Although extended instant replay does not debut in Major League Baseball until the beginning of next season, an unprecedented reversed call in the first inning proved to be a key turning point in Game 1 of the World Series as the Red Sox routed the Cardinals by a score of 8-1.
With one out and runners on first and second, David Ortiz hit a ground ball to second baseman Matt Carpenter, who flipped it to shortstop Pete Kozma to set up what looked like an easy double play opportunity. The ball deflected off Kozma's glove, but second base umpire Dana DeMuth called Dustin Pedroia out, claiming that the drop occurred on Kozma's transfer. Red Sox manager John Farrell came out to argue the call, and the umpiring crew decided to reverse it and award Pedroia second base. This overrule infuriated Cardinals manager Mike Matheny, who said that the reversal was unlike anything he had ever seen before.
"What was explained was that [the umpires] wanted to get the call right," Matheny said. "They got together as a group, and five of them believed that the call was different than the one that was made. That's not a play I've ever seen before, and I'm pretty sure that there were six umpires on the field that have never seen that play before either. It's a pretty tough time to debut that overruled call in the World Series. I get that they were trying to get that call right, I get that. It's just a tough one to swallow."
After the discussion over the reversed call caused a short delay, Red Sox first baseman Mike Napoli continued his clutch postseason hitting by hitting a bases-clearing double to put Boston up 3-0. After Pedroia made it 4-0 in the fourth with RBI single, Ortiz hit a deep drive off of Adam Wainwright that was robbed at the fence by right fielder Carlos Beltran. As a run scored on the play, Beltran slammed into the fence and had to leave the game with a right rib contusion.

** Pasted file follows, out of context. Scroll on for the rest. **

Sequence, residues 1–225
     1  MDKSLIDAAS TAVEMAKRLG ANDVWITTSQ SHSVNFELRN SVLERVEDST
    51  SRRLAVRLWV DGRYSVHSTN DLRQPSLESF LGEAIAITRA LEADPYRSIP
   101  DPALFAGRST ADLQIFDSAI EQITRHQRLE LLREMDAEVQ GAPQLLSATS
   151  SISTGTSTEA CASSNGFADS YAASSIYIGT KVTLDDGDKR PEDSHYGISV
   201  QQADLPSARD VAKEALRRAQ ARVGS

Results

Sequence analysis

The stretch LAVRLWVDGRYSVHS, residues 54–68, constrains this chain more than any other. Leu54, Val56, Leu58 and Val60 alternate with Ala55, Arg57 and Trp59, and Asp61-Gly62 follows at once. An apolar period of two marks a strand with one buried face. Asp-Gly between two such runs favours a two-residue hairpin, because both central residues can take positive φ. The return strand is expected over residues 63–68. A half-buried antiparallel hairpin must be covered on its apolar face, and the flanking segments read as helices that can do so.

"Carlos was taken out of the game with an injury to his ribs," Matheny said. "He went in to have x-rays done and a CT scan locally, and everything came back negative. He's going to be day-to-day."
With an early lead in hand, Red Sox starter Jon Lester was brilliant in his second career World Series start. In 7.2 scoreless innings, the southpaw surrendered only five hits while striking out eight batters.
"I think you can go one or two ways [with a big lead]," Lester told reporters. "You can kind of let your guard down, take a deep breath and go, 'OK, we got the lead,' and not really pay attention to the next inning. We try to win each inning."
Ortiz added a two-run home run off of Cardinals' lefty Kevin Siegrist in the seventh, and rookie Xander Bogaerts drove in Daniel Nava with a sacrifice fly an inning later to make it 8-0 Red Sox. Cardinals left fielder Matt Holliday got St. Louis on the board in the top of the 9th with a solo shot into the light tower over the Green Monster, but his effort proved to be way too little, way too late.
"We had a wakeup call," Matheny said. "That is not the kind of team we have been all season. They're frustrated, and embarassed to a point. We get an opportunity to show the kind of baseball we've played all season long, and it didn't look anything like we saw tonight. You're going to have games like that periodically, but if you begin to accept that, then this could not really go anywhere. Right now, everyone's gathering themselves and putting things together to get back to what they've done all season."